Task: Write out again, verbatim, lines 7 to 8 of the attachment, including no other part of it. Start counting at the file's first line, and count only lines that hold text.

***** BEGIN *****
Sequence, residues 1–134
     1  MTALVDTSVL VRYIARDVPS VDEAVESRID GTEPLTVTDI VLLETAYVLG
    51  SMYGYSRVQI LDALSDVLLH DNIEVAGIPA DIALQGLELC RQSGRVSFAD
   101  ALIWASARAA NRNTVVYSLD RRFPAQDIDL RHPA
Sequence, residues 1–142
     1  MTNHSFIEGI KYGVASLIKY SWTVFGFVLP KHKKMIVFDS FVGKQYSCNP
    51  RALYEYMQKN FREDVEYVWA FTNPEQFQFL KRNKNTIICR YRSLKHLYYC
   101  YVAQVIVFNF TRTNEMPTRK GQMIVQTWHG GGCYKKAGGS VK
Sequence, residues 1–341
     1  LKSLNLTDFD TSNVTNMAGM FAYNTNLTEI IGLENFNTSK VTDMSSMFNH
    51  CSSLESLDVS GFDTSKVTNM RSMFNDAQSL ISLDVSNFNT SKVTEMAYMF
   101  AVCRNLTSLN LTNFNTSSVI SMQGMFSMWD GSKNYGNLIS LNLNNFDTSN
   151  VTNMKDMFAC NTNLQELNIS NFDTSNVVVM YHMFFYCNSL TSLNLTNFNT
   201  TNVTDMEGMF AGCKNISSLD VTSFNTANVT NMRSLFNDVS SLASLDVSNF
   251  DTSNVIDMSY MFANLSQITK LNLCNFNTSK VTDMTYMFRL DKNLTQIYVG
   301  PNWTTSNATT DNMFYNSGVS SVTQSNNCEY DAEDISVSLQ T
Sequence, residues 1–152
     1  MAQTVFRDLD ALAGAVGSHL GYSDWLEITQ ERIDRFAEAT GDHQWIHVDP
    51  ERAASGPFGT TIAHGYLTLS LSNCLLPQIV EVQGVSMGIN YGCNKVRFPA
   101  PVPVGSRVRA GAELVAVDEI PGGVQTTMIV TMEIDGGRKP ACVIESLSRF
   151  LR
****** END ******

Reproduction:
    51  RALYEYMQKN FREDVEYVWA FTNPEQFQFL KRNKNTIICR YRSLKHLYYC
   101  YVAQVIVFNF TRTNEMPTRK GQMIVQTWHG GGCYKKAGGS VK